It is not Luxembourg that is trying to get the tax back. It is the EU that is telling it to do so.

This is about power. The relationship between Amazon and other giant corporations on the one hand, and cities, local governments, national governments and supra-national entities such as the EU on the other is a tussle between the power of business and the power of politics.

Each needs the other. To get 50,000 new well paid jobs would be a game-changer for most cities anywhere. It is not just the jobs themselves and the services required by the people who move in – though typically one entirely new job will create another four. If one high-profile company moves in, and they don’t come much higher-profile than Amazon, others will follow. That is what happened in Seattle, for Facebook and Google also have also opened substantial offices there.

Indeed, Luxembourg, whose entire population is about a quarter that of greater Seattle, has become the richest country in Europe thanks in part to its tax regime. Jean-Claude Juncker, now president of the European Commission, spent nearly a quarter of a century between 1989 and 2013, first as finance minister then as prime minister, building up Luxembourg as a place for foreign enterprises to have their European legal base. He was brilliant at it: clever, charming, ruthless, and effective.

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But if cities need to induce companies to come, companies need to be somewhere. They need a legal location, but they also need boots on the ground. Those boots have to be somewhere that can service customers.

This is obvious in manufacturing. If you are a car firm you have made the things somewhere, and you have to have a sales and service network in the places you sell them. It is a bit less obvious in services, although Amazon has to have its warehouses close to its markets, and Facebook and Google need to have their advertising sales people reasonably close to the companies that buy the ads. But – and this is the crucial point – in services a company can make its profits more or less wherever it wants, by getting its local subsidiaries to pay fees (royalties, service charges, and so on) to the place where it wants to build up the cash.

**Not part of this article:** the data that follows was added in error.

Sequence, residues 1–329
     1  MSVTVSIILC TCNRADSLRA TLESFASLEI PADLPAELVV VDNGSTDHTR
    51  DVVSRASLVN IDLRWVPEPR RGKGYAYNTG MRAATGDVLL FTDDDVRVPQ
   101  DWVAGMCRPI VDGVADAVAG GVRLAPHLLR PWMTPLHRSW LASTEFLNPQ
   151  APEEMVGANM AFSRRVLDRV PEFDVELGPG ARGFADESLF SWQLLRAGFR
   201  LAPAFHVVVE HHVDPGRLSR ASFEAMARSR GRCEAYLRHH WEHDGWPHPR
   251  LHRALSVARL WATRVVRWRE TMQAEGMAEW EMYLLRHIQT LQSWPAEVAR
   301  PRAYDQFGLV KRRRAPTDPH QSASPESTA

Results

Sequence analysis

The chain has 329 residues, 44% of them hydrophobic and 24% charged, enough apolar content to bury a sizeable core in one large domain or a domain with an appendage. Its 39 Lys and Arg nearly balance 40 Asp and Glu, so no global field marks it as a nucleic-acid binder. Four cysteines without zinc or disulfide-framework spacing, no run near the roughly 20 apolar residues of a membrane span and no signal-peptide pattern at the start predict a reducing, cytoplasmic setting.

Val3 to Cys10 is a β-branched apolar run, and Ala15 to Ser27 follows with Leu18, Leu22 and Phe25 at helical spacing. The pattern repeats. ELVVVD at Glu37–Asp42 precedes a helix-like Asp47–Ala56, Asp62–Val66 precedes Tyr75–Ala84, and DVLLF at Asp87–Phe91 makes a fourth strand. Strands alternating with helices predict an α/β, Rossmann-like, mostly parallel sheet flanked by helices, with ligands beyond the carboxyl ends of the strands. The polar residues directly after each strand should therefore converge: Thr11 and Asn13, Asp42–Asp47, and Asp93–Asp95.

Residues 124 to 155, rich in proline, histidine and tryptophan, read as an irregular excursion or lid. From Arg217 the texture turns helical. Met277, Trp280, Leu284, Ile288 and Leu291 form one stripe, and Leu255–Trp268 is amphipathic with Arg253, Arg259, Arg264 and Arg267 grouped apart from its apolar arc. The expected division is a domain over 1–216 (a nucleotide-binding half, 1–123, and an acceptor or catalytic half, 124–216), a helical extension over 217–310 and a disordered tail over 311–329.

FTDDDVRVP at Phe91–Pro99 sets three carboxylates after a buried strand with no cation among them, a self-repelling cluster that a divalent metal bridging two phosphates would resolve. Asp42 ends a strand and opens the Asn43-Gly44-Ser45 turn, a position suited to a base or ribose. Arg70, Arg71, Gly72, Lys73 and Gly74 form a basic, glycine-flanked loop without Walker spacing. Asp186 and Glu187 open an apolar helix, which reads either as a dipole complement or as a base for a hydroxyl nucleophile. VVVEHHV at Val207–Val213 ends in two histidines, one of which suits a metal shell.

That is why taxation of multinational enterprises has become a mess. The more competition there is to get a company to locate, the more of a mess it becomes. But the prize is so huge that it is hard to curb that competition, and I’m not even sure you would want to.

Come back to Amazon’s new second HQ. What is wrong with a city trying to create a business-friendly environment? Better, surely, than creating a business-hostile one. But companies need, in seeking friendly locations, to play their part. They need to create the jobs, no doubt about that. But if they are wise they need to accept that artificial tax structures may look smart in the short term, but being seen as a tax dodger is deeply damaging in the long term.

The idea that companies need to be good corporate citizens has a “goody-goody” ring to it. But it is deeply in their self-interest to be so.